You try to cover all the bases. You practice your technical drills, review your repertoire regularly, strengthen your musicianship; you’re doing all the right things. But it still may feel like there’s something missing. Possibly you don’t feel accomplished, or you don’t see your progress.
If you’re doing all those “right things” and practicing regularly, and still experiencing a lack of fulfillment or momentum, the solution may be closer than you think, and in a way that you would never consider. What you may be missing is…applause.
Consider the current health crisis and the necessity of social distancing. Before this, you may have been accustomed to playing occasionally in a nursing home or hospital. You may have had a restaurant or hotel lobby gig. You might have been meeting regularly with other musician friends to make music together. Music is meant to be shared, and we renew our energy for our practice by making music with and for others.
There’s a second and no less important benefit to sharing our music, whether it’s through performing or participating; we experience the rewards of our efforts. We may or may not receive actual applause, but the benefit is the same: we receive validation and energy from the response of others to our playing.
It’s not that we need others to tell us we have done a good job. It’s merely that we lose our perspective when we are the only ones giving ourselves a figurative pat on the back. We aren’t sure if we are still making progress. We lose the momentum which a shared musical experience provides.
So whether you are a performer missing actual physical applause or a harpist who no longer has the rewarding experience of playing music for others, it is imperative that you find new ways to recognize and acknowledge your playing.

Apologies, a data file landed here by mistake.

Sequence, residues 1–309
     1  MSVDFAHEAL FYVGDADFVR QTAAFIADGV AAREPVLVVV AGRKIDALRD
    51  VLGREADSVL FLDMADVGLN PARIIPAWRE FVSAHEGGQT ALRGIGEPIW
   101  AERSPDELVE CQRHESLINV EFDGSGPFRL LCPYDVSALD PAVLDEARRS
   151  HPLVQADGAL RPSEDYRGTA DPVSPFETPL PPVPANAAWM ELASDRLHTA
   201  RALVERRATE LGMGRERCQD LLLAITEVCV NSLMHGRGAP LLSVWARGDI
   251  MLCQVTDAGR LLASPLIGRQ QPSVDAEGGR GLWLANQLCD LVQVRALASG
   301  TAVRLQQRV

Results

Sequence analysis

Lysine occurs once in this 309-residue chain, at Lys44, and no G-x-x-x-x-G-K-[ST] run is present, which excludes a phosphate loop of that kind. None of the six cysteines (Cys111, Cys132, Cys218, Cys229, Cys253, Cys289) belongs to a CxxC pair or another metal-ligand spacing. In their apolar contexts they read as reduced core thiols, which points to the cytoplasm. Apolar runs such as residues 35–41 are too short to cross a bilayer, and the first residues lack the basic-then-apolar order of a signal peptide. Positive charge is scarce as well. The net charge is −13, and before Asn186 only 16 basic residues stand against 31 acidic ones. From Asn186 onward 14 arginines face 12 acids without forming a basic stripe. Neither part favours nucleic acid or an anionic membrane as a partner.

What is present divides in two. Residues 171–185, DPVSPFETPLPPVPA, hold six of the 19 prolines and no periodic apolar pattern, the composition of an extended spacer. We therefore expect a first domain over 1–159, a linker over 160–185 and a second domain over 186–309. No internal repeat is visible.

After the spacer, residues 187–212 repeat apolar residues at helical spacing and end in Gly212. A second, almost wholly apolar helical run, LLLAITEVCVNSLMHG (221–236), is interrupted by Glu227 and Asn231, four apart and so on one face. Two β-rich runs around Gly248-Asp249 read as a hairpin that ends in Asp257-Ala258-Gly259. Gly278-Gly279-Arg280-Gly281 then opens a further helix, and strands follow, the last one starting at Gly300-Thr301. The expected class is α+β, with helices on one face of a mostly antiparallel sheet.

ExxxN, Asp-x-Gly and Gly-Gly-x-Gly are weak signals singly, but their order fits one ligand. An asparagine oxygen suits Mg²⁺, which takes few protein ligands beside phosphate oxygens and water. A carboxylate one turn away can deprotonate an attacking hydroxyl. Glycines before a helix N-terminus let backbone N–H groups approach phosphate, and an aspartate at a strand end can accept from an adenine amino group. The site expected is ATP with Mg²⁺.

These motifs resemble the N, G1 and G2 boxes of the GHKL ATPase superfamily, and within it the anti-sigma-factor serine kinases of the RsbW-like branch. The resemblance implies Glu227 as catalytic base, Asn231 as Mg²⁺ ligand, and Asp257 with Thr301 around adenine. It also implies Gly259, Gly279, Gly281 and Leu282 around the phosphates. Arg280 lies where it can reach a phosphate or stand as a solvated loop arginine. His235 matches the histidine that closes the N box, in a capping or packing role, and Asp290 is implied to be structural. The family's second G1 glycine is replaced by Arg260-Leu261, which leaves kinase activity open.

Our practice habits often involve critical review. We keep track of our mistakes, our shortcomings, the way we want it to be. When this is all the feedback we receive, we actually slow our forward progress. We slip all too easily into a negative thought pattern. You may be aware of this, but unaware of any way to fix it. Until now.
Step 1: Reflect
Take a moment to read through your practice journal. Look at what you have done, not just the time you have spent, but the progress you have made. I can almost guarantee that even if you don’t feel you have made progress, you will be able to see it in your journal. (Yes, this is another good reason to keep a practice journal.)
Step 2: Acknowledge
When you have identified your progress, acknowledge it. We are often quick to discount our achievements. An automatic “yes, but…” response is an energy killer. Recognize what you have done without qualification.
Step 3: Celebrate
Give yourself a gold star! You deserve a high five or a pat on the back. Do something to reward yourself, even if it’s only enjoying a cup of tea or a cookie.
In that same spirit, I want to take a moment to celebrate the accomplishments of some special students, the students in our Harp Mastery® Certified Coaching program. Last week we had an online “soiree” when the students had an opportunity to play for each other. To hear them play with new confidence and to hear them describe their struggles and newfound pride in their achievements was truly inspiring. Well done, all of you! Your coaches and I are so proud. Keep up the great work!
If you are interested in joining our coaching program we have a few openings. Click here to learn more and schedule a call.